The Altes Schloss Bümpliz (English: Old Bümpliz Castle) is a castle in the section of Bümpliz-Oberbottigen in the city of Bern of the canton of Bern in Switzerland.
The first structure on the site was a Burgundian royal estate which was built around 900. The estate is first mentioned by the Burgundian King Rudolf III around 1010, but he lists his father as the builder of the estate. Very little is known about this first castle, except that it consisted of a circular wooden wall with several wooden buildings inside the wall. Around 1260 or between 1250 and 1270 a round stone tower was built in the center of the site. This round tower was quite unusual for Bernese castles but may indicate a savoyard influence. Since Peter II of Savoy held authority over Bern at the time, it is likely, but not confirmed, that the round tower was built as a symbol of Savoy's power. The tower had an outer diameter of 9.3 m (31 ft) and a thickness of about 2 m (6.6 ft). It probably rose about 10–15 m (33–49 ft) high. The round tower no longer exists, but its location is marked with a cross on the floor of the current restaurant terrace. Shortly after the construction of the tower, the wooden wall was replaced with a stone wall and a half-round tower was added to protect the wall. The round central tower was demolished in the following decades. The growing Bernese power began to force Savoy out of Bümpliz and by the late 13th century, there were Bernese nobles who were naming themselves after their estates in Bümpliz. Under the Bernese nobles, the castle remained unchanged until 1470.
In 1470 Bümpliz village and the castle became part of the lands of the powerful Bernese patrician Erlach family. The castle was rebuilt from a purely defensive structure into an impressive administrative and residential castle. A new gatehouse tower was built, and stands, almost unchanged, today. The gatehouse tower was square and about 8.4 m (28 ft) on each side. It is 10 m (33 ft) high to the eaves, with an additional 7 m (23 ft) to the peak of the roof. The supports and structure of the drawbridge over the moat are still visible today. The gatehouse faces west. Next to the gatehouse, the south-west wall was raised and a block of rooms were added on the inside. Between the gatehouse and the south-west wing, a half-round tower, the Abortturm was built. The Abortturm, which no longer exists, contained bathrooms for the first and second floors as well as stairs into the roof over the gatehouse. Around the same time, the old half-round tower in the north-east and the eastern housing tract were expanded. The north-west housing tract, which flanks the gatehouse, was built later, around 1630.
In the following century, the Old Castle became increasingly old fashioned and uncomfortable. In 1742, Daniel Tschiffely hired Albrecht Stürler to replace the old building with the Neues Schloss Bümpliz. The New Castle was built surrounded by parks and gardens southwest of the Old Castle. During construction, much of the Old Castle was pulled down or rebuilt. The old half-round tower, the south-west and south-east housing tracts and the Abortturm were all demolished. The moat was drained and filled in. The gate in the gatehouse tower was bricked up and the road was rerouted around the tower. Portions of the north-west wing remained. The north-east wing was rebuilt into a barn and the courtyard was converted into a vegetable garden and chicken coops.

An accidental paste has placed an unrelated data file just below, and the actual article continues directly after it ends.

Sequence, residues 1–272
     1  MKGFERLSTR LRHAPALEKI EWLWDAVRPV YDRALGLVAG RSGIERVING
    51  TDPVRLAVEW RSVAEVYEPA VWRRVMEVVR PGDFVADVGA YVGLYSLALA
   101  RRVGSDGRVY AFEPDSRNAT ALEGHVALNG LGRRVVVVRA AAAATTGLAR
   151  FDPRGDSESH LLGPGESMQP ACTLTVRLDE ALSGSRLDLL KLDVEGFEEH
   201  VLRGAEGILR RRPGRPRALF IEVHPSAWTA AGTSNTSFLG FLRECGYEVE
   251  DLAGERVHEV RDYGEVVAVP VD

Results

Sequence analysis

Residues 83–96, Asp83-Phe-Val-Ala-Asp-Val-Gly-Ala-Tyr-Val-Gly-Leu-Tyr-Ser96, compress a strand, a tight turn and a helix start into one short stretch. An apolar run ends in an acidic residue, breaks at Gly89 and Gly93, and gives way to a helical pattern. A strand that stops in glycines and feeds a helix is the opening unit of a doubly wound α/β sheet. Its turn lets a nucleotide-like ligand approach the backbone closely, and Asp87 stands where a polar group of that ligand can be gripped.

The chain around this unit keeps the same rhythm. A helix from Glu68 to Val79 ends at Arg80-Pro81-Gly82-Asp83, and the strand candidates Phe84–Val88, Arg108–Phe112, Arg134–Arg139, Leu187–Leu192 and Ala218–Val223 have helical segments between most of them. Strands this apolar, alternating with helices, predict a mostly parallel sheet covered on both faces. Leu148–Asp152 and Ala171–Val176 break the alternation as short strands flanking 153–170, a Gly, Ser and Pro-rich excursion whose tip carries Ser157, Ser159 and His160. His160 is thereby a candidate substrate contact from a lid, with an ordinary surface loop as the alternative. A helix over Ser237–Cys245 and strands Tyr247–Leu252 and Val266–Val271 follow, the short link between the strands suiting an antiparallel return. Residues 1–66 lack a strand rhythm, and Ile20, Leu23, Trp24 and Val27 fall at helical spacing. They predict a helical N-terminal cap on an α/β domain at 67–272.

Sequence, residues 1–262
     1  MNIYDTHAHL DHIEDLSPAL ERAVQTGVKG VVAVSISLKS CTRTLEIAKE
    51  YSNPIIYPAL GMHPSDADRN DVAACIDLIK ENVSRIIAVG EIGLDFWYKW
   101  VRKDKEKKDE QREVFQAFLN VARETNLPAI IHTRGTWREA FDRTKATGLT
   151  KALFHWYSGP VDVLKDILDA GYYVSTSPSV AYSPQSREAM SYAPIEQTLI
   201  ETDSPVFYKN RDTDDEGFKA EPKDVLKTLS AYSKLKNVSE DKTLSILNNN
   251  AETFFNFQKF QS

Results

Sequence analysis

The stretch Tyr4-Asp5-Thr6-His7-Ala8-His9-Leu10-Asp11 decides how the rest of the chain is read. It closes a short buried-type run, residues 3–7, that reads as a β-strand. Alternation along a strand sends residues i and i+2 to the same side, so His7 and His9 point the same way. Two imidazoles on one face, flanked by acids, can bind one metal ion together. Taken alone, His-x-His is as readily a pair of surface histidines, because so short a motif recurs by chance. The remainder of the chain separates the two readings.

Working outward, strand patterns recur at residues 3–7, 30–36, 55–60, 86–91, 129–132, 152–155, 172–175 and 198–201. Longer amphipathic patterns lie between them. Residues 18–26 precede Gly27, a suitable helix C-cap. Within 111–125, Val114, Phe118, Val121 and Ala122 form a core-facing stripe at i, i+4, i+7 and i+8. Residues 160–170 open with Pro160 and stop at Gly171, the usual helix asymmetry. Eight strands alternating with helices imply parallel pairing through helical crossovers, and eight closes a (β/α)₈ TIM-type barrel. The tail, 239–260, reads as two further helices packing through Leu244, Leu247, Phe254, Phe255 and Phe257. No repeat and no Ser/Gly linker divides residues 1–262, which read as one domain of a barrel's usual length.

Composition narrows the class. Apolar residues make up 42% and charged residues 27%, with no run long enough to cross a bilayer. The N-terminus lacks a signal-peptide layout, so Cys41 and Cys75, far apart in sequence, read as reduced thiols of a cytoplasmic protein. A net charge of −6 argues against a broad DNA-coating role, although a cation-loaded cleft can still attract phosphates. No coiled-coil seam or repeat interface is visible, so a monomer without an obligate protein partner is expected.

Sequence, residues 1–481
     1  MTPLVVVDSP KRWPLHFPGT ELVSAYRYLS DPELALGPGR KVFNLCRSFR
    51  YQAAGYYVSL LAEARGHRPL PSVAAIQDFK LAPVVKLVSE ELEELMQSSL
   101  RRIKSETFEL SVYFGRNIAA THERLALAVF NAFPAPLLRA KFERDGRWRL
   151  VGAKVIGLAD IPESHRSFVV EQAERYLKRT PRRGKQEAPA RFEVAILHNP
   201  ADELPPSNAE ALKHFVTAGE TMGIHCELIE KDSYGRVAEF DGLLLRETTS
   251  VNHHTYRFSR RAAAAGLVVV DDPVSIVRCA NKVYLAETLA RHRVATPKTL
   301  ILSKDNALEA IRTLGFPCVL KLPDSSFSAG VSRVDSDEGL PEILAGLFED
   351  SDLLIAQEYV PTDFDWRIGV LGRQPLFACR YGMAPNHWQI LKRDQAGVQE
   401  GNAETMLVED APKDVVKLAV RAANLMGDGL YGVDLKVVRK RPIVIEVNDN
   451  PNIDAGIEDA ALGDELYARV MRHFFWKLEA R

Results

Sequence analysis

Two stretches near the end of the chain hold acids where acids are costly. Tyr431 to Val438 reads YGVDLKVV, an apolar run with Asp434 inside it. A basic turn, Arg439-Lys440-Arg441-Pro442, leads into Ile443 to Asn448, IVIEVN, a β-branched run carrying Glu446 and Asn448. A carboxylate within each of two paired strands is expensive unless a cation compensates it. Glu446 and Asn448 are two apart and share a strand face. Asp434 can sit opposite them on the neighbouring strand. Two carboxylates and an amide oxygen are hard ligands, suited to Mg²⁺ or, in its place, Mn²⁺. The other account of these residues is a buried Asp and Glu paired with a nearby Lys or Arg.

In 1839 Johann Friedrich Albrecht Tribolet bought the Old and New Castles from Carl von Tavel. He rebuilt the buildings and used them as a private sanatorium for mental patients. Tribolet would later become the director of the psychiatric Klinik Waldau. Between 1839 and 1849 the calm patients were housed in the New Castle, while the violent or noisy lived in the Old. In 1849 the buildings were acquired by Jakob Allemann who converted it into a boys' boarding school, which was known as the Löffelschlyffi. The school remained in operation until the depression of 1882, when the last director of the school, Jakob Enz-Allemann, had to sell the castles. Two years later, his widow, Emilie Enz-Allemann, was able to reacquire both castles. She sold the New Castle but converted the Old into a rental property with three small apartments on the ground floor and two larger ones in the upper story. After her death in 1897, Hermann and Anna Enz inherited the castle.
In 1919, Hermann Enz and his sister Anna Enz sold the castle to the "Gemeinnützige Genossenschaft Altes Schloss Bümpliz", a society that had been founded to preserve and maintain the castle. They rebuilt the interior rooms and during the Great Depression used the castle to provide good, cheap food, a lounge and a library to the many jobless in the area. Later they converted it into an alcohol free restaurant and a kindergarten. In 1925, the castle was wired for electricity.
In 1954 the "Gemeinnützige Genossenschaft" sold the Old Castle for about 80,000 CHF to the city of Bern. A samll archeological dig in 1966 found such a wealth of artifacts, that in 1970 a team of twelve workers led by Werner Meyer, a professor at the University of Basel, spent ten weeks exploring the castle grounds and discovering the history of the castle. However, above ground the buildings were not maintained, and continued to decay. On 19 November 1976 a fire destroyed the roof of the castle.
In 1979/80 the Castle was rebuilt at a cost of about 3 Million CHF. The gate was reopened in the gatehouse, a portion of the moat was excavated and a drawbridge added. The windows were rebuilt in the baroque style and the burned roof was rebuilt as close to original as possible. The north-west wing was rebuilt, while the north-east wing was recreated in concrete and glass. A restaurant opened in the north-east wing, the gatehouse and the courtyard. The rest of the building was converted into the Bümpliz village archives and into meeting rooms or offices.